ARLINGTON, Va. -- Washington Capitals goaltender Braden Holtby was on his way to the practice facility Wednesday morning when he heard the news that Gord Downie, frontman and lyricist for The Tragically Hip, died Tuesday of brain cancer at age 53.
Like many Canadians, Holtby, a Lloydminster, Saskatchewan native, grew up listening to Downie's music. The 28-year-old experienced what he called, "one of the highlights of my life so far," when he met Downie at the World Cup of Hockey 2016 at Air Canada Centre in Toronto.
"When you look back at it, it's pretty amazing what he was able to do after he got diagnosed and the amount of courage he showed to go through that was amazing," Holtby said Thursday. "He was a great human and [Wednesday] was just a reminder. I went back and watched a couple of interviews of his and listened to some songs and I really appreciate what he brought to the world."
Inspired by Downie's music and his brave battle with cancer, Holtby's Team Canada mask for the World Cup featured a collage of images of Downie and The Tragically Hip. As Team Canada's No. 3 goalie, Holtby didn't get to play in the tournament, but his mask was auctioned off afterward and raised $21,650 (U.S) for the Gord Downie Fund for Brain Cancer Research and the Gord Downie Secret Path Fund for Truth and Reconciliation, which is dedicated to preservation and education about the mistreatment of Indigenous children and families by the country's abolished First Nations Residential School program.
"It was trying to make a good thing out of a bad thing," Holtby said of the mask auction. "He was doing amazing work. His foundation will continue to do that moving forward. His work touched home with me as well, especially the First Nation stuff. That's right where I grew up [in Saskatchewan], dealing with those same issues, and he put an understanding on it with the words he used to describe everything."
Holtby said he texted with Downie a couple times after he met him in Toronto, but didn't want to intrude beyond that.
"It was amazing just to be able to talk to him for a couple periods of a hockey game," the 2016 Vezina Trophy winner said. "I didn't want to ruin that."
That Downie touched the lives of many Canadians was evident with tributes across the country Wednesday. The Toronto Maple Leafs honored him before their game against the Detroit Red Wings and lowered Bill Bariko's banner from the Air Canada Centre rafters. Barilko, who scored the Stanley Cup-winning goal in overtime in 1951 for the Maple Leafs, was the subject of The Hip's 1992 song "Fifty-Mission Cap."
"[Downie] was the exact example of what we think Canadians should be," Holtby said. "He fought for the right things. He was very gentle, very kind, treated everyone the same. You could just tell that. You look at him from the start of his career to the end and he cared a lot about people and he cared a lot about them in his music and he wanted to get messages across and create a better good."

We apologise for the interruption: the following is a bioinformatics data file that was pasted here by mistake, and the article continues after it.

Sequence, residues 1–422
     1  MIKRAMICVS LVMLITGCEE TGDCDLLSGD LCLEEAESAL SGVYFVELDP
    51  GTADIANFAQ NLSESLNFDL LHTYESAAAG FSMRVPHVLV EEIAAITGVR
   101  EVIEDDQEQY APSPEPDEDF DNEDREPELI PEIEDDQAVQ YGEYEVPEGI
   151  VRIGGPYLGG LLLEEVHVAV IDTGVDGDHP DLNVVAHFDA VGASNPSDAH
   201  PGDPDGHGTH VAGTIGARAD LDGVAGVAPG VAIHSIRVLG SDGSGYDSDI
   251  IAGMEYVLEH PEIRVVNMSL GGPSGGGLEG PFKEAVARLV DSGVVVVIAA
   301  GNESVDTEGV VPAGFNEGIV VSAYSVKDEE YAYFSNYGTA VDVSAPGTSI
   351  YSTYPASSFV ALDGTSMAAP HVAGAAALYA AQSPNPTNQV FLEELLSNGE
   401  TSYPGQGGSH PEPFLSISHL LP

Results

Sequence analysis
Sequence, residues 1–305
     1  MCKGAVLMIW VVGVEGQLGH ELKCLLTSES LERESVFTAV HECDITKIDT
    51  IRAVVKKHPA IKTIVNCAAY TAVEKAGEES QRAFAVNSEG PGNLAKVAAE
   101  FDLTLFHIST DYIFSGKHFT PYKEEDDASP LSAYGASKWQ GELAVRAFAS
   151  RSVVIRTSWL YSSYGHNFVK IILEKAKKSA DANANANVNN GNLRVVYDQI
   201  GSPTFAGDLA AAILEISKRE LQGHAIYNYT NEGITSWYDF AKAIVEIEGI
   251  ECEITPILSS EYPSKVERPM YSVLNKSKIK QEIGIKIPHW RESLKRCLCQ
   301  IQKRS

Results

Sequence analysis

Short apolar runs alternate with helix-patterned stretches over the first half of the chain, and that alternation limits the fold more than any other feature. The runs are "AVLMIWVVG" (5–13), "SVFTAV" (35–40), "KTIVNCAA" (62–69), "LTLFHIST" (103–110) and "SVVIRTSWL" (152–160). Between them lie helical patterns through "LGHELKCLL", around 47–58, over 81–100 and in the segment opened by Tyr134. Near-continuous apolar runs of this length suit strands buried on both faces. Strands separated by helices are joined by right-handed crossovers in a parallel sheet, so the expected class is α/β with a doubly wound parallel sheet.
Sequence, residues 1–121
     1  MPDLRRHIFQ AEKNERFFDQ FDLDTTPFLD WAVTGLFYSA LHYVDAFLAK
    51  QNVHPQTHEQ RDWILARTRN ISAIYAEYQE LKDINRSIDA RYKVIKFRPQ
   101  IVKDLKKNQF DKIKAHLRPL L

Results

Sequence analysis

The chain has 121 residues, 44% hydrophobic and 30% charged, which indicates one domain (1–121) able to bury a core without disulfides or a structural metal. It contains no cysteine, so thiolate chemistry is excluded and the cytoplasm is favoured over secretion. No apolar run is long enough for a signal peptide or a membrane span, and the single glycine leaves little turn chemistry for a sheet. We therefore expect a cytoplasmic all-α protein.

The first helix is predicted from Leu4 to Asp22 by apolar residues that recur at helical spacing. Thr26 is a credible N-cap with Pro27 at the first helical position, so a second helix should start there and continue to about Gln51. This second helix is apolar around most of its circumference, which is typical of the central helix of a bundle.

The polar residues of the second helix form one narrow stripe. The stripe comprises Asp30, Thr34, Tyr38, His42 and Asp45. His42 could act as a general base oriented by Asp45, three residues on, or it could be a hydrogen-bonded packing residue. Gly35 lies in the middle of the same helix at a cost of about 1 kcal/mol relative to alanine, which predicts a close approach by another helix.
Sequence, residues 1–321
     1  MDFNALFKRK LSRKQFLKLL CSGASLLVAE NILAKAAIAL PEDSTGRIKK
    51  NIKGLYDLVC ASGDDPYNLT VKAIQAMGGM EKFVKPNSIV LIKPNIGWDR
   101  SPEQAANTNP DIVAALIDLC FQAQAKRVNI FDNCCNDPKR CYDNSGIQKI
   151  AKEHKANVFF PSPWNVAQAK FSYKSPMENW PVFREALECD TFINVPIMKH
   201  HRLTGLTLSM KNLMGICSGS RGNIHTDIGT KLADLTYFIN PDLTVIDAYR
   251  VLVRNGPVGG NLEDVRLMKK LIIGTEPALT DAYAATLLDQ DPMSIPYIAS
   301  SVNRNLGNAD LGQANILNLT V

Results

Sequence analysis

Holtby's love of music was nourished from a young age by his mother, Tami, the lead singer in a Saskatchewan-based country band. He learned to play guitar during his junior career with Saskatoon in the Western Hockey League.
His appreciation for The Tragically Hip and Downie's music also grew during that time. He said, "New Orleans is Sinking," is his favorite Tragically Hip song.
One of Holtby's regrets is that he never got to see the band or Downie as a solo artist perform live. He'd hoped to see The Hip during its final tour in the summer of 2016, but the timing didn't work out because of his preparation for the World Cup.
"That's one of the downfalls of playing hockey," Holtby said. "You're always on the road when they're in town."
Holtby keeps a guitar at the Capitals practice facility that he sometimes plays to relax. His repertoire includes a few of Downie's songs, but he admitted many are above his proficiency.
"His voice is so hard to sing," Holtby said. "A lot of the notes he hits and a lot of keys he plays in you've got to be real talented to play that music. Another thing with his music is the band has a lot to do with it. The feel of the song, the emotion of the song comes a lot through the band and the way they connect with each other, with Gord, and the music being played. So it's a little hard to play on an acoustic guitar.
"There's a couple songs like 'Fiddler's Green' and 'Wheat Kings' that you can play acoustically, but other than that you kind of need the band to get the full feel."